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Does HIPAA permit a doctor to contact a patient’s family or law enforcement if the doctor believes that the patient might hurt herself or someone else?

Yes. The Privacy Rule permits a health care provider to disclose necessary information about a patient to law enforcement, family members of the patient, or other persons, when the provider believes the patient presents a serious and imminent threat to self or others. The scope of this permission is described in a letter to the nation’s health care providers.

Specifically, when a health care provider believes in good faith that such a warning is necessary to prevent or lessen a serious and imminent threat to the health or safety of the patient or others, the Privacy Rule allows the provider, consistent with applicable law and standards of ethical conduct, to alert those persons whom the provider believes are reasonably able to prevent or lessen the threat. These provisions may be found in the Privacy Rule at 45 CFR § 164.512(j).

Under these provisions, a health care provider may disclose patient information, including information from mental health records, if necessary, to law enforcement, family members of the patient, or any other persons who may reasonably be able to prevent or lessen the risk of harm. For example, if a mental health professional has a patient who has made a credible threat to inflict serious and imminent bodily harm on one or more persons, HIPAA permits the mental health professional to alert the police, a parent or other family member, school administrators or campus police, and others who may be able to intervene to avert harm from the threat.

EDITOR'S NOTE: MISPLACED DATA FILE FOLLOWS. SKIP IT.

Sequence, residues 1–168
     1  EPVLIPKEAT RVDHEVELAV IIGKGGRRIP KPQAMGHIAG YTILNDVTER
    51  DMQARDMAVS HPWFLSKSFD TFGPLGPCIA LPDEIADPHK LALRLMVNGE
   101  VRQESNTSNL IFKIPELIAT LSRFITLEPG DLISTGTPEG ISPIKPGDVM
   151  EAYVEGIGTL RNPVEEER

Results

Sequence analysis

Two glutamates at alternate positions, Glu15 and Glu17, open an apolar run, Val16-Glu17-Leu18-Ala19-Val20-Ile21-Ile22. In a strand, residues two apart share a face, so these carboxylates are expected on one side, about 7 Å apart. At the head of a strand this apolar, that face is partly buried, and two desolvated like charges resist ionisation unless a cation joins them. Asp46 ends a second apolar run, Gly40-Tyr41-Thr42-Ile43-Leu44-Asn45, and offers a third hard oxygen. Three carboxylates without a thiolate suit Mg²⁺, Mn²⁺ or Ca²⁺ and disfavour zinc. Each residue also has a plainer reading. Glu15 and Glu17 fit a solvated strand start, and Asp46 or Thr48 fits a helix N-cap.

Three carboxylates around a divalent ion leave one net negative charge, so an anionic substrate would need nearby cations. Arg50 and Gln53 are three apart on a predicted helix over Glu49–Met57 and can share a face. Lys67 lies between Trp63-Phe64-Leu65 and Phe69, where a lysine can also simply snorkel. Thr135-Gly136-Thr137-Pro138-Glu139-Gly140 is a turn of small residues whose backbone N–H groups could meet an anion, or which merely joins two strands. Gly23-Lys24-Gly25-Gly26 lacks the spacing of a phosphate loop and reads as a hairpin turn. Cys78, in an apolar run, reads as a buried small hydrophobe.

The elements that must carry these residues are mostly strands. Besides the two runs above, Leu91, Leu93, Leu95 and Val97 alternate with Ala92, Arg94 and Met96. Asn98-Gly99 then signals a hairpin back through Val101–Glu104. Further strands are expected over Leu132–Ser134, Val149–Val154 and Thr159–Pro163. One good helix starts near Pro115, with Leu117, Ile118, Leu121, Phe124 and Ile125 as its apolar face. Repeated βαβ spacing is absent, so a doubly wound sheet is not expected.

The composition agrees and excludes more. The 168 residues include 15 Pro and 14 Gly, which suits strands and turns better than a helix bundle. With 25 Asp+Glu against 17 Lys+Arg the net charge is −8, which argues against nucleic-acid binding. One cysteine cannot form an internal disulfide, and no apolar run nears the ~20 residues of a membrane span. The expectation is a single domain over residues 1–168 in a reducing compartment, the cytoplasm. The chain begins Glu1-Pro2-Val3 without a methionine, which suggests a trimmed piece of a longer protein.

In addition to professional ethical standards, most States have laws and/or court decisions which address, and in many instances require, disclosure of patient information to prevent or lessen the risk of harm. Providers should consult the laws applicable to their profession in the States where they practice, as well as 42 USC 290dd-2 and 42 CFR Part 2 under Federal law (governing the disclosure of alcohol and drug abuse treatment records) to understand their duties and authority in situations where they have information indicating a threat to public safety. Note that, where a provider is not subject to such State laws or other ethical standards, the HIPAA permission still would allow disclosures for these purposes to the extent the other conditions of the permission are met.

Content created by Office for Civil Rights (OCR)
Content last reviewed on September 12, 2017